February 17, 2010 § Leave a Comment
>The L.A. County Bicycle Master Plan Bicycle Advisory Committee meets tonight Thursday February 17th at 7pm at the Board Overflow Room at Metro. The county bike plan, which Creek Freak outlined here, includes bike paths along county-maintained rivers, washes and creeks. There’s also a series of ten county bike plan community meetings running February 22nd through March 25th, held in various locations all over the county. For more info on all these, go to the meeting page on the county’s bike plan website.
>Los Angeles County is proposing a new scope for the funded Arroyo Seco Bike Path project. The new plan is to build the next phase along the southeast bank of the arroyo from Avenue 26 to San Fernando Road. This scales back a proposed ~1.5-mile bike path (from Avenue 43 to Avenue 26) to an ~0.3-mile bike and walk path, but the less ambitious new scope appears more likely to actually get built. The newly proposed stretch would be located in a right-of-way that is currently mostly empty space (below the interchange of the 5 and the 110 freeways) but also includes a portion of a city of L.A. Bureau of Sanitation yard. The county hosts a project meeting tomorrow Thursday February 18th at 6pm at the Los Angeles River Center. Check out the county’s 9-page background report, with photos and a map and L.A. Creek Freak’s earlier article on the conflicts over the earlier proposed bike path. (Thanks Arroyo Seco Foundation for posting the county’s documents on-line.)
>Same night as the Arroyo Seco meeting, the city of Glendale hosts a public input meeting for its Glendale Narrows River Walk project. It’s Thursday February 18th at 7pm at the Pacific Community Center.
>C.I.C.L.E.’s creek freak bike ride is this Saturday February 20th, departing 12:30pm from the River Center. Rain cancels, and some is predicted for early Saturday - check the site that morning around 9am to confirm that the ride is on.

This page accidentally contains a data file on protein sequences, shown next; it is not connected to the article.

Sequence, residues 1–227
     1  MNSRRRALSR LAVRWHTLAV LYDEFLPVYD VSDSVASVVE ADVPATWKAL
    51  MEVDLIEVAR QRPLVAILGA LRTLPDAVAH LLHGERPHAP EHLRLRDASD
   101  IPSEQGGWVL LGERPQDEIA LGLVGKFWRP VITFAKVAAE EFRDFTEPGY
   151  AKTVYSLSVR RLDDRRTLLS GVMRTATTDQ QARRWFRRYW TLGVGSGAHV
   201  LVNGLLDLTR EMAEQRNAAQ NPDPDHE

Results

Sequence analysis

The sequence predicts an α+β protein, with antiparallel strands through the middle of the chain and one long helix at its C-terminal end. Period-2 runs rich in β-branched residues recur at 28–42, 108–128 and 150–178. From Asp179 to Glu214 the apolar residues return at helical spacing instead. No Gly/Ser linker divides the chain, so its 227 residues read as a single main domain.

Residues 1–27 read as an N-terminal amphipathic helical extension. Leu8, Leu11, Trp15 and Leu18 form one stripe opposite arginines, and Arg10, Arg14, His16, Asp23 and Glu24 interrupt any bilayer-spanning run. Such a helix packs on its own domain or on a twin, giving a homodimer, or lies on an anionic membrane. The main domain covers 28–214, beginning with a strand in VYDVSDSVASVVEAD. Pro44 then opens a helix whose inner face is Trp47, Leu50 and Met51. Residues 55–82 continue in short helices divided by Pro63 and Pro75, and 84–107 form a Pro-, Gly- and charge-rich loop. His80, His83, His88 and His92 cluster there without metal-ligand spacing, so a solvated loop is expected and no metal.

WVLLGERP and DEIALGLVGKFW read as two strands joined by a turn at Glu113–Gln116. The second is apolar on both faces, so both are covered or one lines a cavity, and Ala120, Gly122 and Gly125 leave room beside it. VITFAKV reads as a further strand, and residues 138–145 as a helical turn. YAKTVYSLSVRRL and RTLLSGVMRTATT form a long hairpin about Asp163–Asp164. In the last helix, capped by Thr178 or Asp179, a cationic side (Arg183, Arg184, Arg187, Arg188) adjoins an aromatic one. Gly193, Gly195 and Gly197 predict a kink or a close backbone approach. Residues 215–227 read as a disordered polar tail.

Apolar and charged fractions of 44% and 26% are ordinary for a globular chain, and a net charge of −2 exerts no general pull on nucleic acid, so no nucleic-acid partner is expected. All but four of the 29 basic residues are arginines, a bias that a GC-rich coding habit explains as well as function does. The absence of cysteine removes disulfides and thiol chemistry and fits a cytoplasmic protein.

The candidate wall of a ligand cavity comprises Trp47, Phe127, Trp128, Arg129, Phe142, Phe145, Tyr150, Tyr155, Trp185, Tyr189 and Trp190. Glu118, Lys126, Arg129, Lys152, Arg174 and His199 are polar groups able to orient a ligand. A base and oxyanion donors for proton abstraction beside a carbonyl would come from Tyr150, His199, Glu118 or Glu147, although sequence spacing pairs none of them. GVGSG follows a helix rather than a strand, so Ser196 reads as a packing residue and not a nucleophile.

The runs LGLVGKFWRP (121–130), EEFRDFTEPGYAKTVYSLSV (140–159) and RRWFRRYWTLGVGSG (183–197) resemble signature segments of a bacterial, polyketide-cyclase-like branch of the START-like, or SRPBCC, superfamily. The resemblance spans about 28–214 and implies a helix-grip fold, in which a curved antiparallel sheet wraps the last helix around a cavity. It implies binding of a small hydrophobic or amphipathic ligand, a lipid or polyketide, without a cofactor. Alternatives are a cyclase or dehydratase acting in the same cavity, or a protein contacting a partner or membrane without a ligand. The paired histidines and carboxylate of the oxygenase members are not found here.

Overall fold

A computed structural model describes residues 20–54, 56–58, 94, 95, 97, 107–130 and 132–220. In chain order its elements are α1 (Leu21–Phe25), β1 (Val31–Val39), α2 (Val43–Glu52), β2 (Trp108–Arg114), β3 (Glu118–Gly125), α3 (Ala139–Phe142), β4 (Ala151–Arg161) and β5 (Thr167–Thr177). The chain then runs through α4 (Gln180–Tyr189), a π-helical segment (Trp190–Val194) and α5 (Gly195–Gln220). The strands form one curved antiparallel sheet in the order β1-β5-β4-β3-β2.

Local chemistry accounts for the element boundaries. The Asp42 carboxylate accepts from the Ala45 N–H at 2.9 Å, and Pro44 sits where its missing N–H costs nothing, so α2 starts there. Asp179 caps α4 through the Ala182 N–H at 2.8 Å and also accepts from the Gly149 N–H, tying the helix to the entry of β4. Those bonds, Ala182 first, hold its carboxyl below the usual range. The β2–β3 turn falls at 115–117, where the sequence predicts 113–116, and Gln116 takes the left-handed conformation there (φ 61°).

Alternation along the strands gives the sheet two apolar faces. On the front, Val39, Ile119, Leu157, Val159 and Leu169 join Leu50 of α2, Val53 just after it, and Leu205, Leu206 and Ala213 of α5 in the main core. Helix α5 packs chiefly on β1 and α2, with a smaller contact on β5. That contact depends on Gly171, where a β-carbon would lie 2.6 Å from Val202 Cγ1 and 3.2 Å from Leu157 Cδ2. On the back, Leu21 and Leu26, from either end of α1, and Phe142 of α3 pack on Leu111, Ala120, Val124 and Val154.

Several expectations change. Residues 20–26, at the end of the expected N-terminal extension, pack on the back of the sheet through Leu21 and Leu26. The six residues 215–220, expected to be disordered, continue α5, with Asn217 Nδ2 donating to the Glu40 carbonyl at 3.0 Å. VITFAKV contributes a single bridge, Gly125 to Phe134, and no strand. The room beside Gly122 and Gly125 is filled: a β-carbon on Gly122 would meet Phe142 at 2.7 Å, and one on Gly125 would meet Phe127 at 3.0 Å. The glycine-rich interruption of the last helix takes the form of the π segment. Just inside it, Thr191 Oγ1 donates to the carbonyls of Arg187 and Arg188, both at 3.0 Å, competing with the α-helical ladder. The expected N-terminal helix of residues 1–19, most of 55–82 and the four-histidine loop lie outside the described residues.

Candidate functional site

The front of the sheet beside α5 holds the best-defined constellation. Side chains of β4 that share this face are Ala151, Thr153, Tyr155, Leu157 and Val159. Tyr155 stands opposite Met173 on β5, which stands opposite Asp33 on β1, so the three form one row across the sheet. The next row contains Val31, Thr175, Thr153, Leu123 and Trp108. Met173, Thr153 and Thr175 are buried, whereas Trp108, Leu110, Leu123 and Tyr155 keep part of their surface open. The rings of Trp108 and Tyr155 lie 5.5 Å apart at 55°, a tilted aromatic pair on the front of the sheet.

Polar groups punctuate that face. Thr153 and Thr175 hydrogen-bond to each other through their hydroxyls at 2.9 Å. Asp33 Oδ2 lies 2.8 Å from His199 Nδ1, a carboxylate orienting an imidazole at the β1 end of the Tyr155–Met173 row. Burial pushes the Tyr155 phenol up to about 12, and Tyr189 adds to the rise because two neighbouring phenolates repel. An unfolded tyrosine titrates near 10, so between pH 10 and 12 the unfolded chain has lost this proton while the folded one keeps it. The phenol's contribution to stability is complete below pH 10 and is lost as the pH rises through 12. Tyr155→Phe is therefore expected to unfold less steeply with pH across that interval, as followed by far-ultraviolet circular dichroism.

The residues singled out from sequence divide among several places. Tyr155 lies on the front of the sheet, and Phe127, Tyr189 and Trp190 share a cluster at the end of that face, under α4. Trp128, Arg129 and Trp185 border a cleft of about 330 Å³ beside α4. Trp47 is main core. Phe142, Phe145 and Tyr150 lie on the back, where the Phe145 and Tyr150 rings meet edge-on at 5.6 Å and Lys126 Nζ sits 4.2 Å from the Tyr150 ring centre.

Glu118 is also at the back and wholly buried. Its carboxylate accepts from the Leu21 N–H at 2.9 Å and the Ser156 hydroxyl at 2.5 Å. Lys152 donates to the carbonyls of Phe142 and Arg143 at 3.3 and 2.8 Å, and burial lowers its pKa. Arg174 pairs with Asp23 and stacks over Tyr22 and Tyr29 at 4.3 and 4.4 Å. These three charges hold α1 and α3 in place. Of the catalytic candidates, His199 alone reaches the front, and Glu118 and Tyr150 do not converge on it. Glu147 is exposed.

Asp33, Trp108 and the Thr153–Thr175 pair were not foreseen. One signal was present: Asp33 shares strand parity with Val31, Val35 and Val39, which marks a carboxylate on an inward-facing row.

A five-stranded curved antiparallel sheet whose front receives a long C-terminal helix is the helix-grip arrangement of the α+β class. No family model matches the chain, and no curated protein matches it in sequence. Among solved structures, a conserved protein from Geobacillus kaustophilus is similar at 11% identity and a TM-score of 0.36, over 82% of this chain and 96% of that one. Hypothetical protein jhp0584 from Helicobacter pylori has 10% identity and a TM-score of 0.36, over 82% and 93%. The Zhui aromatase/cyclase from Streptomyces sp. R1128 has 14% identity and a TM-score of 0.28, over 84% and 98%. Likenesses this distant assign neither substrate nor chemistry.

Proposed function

>State Assembly Speaker Karen Bass hosts a Ballona Creek clean-up event on Sunday February 21st at 10am at Overland Avenue.
> The city of Pasadena Bicycle Master Plan is also underway. The current draft proposes bike paths along the Arroyo Seco (near Jet Propulsion Laboratory) and along Eaton Wash (from Eaton Canyon Nature Center to the 210 Freeway.) Pasadena will hold a public input meeting on their draft plan on Tuesday February 23rd at 6:30pm at City Council Chambers.
>Live “streaming” on the Arroyo Seco, and a dozen other California streams, via USGS (In the Watershed)
January 15, 2010 § 3 Comments
Yesterday, L.A. Creek Freak alerted our reading audience to the first meeting for the County Bicycle Master Plan. That plan will guide county work on bikeways along county-jurisdiction waterways. Today we do a follow-up to clarify the plan’s scope, outreach and timeline. The public is encouraged to keep up with the county plan via its website: www.lacountybikeplan.org (Note that the county plan is a separate process from city bike plans in Los Angeles, Pasadena, Burbank, Hermosa Beach, and elsewhere.)
January 14, 2010 § 3 Comments
Tonight is the kick-off meeting of the Los Angeles County Bicycle Advisory Committee (this is county – not to be too confused with the city committee that shares the same name.) The meeting is open to the public. It’s at 6:30pm at the County Hall of Records, 320 West Temple Street, downtown L.A. 90012. Lots of details (agenda, bike parking, transit directions, etc.) on the meeting are already posted at BikingInLA, so I won’t bore you with them here.